Tuesday, July 25, 2017

2701: A Space Oddity

Prolific French filmmaker Luc Besson brings to the big screen the French sci-fi/action comic "Valerian and Laureline" by replacing Laureline with a gigantic space station hosting “thousands” of alien races in ‘Valerian and the City of a Thousand Planets.'  V&TCO1000P is easily Besson’s most ambitious, sprawling, visually stylish and expensive gamble, I mean project, since ‘The Fifth Element’ starring Bruce Willis and Milla Jovovich some 20 years ago.  Being a fan of T5E I marked this movie on my “to see” list ever since I initially saw its colorful and swashbuckling trailer packed to the gills with unique aliens and gee-whiz futurama, but in the deep recess of my mind lurked the nagging fear that it would turn out to be another ‘Jupiter Ascending.’  Therefore, I took care not to dial my expectations up too high.
Aside from the fact that I never read the comic which inspired it, that is perhaps why I enjoyed V&TCO1000P so much.  Major Valerian (Dane DeHann) and his comely and sassy blonde sidekick Sergeant Laureline (Cara Delevingne) are elite agents of a special Space Police unit operating out of a giant space station named “Alpha” which hosts innumerable alien races (think Babylon 5 but much, much bigger) living in peaceful harmony.  A seemingly routine mission to recover a valuable device (a power converter) on a desert planet thrusts Valerian and Laureline into a web of deceit and intrigue involving a race of lithe, androgynous and translucent-skinned aliens.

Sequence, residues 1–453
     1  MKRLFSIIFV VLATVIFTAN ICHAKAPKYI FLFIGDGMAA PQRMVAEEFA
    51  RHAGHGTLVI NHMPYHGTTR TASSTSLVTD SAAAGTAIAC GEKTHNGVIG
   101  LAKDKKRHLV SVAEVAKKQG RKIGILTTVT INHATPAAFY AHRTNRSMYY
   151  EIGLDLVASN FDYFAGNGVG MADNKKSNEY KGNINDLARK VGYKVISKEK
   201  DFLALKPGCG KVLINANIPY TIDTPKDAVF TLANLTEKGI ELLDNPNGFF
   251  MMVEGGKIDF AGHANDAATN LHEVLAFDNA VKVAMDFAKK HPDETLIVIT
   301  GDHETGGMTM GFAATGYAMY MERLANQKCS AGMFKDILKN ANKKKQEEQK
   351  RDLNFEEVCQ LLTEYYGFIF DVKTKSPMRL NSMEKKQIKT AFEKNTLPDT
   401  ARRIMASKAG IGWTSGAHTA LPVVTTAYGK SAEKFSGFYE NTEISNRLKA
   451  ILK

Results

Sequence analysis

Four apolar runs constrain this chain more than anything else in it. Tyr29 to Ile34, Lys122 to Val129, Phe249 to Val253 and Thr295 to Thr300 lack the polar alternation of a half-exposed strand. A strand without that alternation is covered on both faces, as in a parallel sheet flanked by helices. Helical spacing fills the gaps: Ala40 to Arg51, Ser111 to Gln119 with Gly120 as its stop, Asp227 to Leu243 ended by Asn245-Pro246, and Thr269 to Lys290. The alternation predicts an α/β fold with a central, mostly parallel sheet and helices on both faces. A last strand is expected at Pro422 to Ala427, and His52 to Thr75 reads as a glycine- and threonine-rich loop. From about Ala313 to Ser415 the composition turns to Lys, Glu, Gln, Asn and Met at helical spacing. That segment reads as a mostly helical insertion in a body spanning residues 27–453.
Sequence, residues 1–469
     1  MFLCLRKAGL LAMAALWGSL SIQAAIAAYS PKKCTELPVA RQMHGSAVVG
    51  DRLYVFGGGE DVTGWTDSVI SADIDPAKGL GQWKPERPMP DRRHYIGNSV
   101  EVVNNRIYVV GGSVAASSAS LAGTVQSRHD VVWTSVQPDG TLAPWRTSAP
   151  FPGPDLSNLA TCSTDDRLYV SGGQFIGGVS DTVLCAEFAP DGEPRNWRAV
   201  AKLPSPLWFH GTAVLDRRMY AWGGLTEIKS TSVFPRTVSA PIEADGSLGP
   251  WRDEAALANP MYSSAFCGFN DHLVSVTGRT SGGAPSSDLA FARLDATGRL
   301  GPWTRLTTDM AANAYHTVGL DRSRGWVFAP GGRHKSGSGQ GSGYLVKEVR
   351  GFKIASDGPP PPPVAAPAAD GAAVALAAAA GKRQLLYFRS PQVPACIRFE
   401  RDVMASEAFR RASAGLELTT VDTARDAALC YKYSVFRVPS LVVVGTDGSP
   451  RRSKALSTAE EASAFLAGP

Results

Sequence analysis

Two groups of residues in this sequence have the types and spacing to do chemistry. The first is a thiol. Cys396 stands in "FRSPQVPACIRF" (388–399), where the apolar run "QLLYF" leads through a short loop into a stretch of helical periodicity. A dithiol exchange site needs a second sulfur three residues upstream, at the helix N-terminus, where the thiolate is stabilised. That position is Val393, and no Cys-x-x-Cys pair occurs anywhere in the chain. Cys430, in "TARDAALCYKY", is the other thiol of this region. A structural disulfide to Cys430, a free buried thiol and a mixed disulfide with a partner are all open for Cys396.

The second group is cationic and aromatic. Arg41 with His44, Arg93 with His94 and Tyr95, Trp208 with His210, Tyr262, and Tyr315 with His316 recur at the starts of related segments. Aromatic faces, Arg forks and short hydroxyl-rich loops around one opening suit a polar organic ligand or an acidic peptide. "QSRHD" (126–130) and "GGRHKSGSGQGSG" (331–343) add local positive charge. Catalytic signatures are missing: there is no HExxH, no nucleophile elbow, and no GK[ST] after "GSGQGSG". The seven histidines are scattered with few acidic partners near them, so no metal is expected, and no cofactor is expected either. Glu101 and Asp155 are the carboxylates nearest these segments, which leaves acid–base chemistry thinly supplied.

Critics have faulted V&TCO1000P mostly for its weak and contrived story but come on, this is a Luc Besson movie we’re talking about.  While the plot isn’t exactly awesome or original for that matter, it is much more conventional and straightforward than, say, Besson’s ‘Lucy.’  With its campy humor, wild-eyed fantasy and high-tech Avatar-esque visuals, V&TCO1000P is a rollicking space opera that’s fun for the whole family.  I’ve learned long ago that Luc Besson movies are visceral experiences; don’t overthink them and just sit back and enjoy the ride.  Oh, and don’t forget the popcorn.

Grade: A 

No Small Miracle

The 1940 “Miracle at Dunkirk” is the subject of Christopher Nolan’s latest big budget feature, a vast sweeping WWII epic and passion project from the acclaimed British director best known for the ‘Dark Knight’ trilogy and a couple of FX-heavy sci-fi mindbenders that start with an “I,” ‘Inception’ and ‘Interstellar.’  In turning an ignominious and unmitigated military disaster resulting from German “shock and awe” (aka Blitzkrieg) lightning warfare that brought France to her knees in a little more than two weeks into a symbol of British defiance, individual heroism and selfless sacrifice, the story of Dunkirk just begs to be re-told (there was a 1958 version apparently which I haven’t seen) to a modern audience who sadly know too little about world history.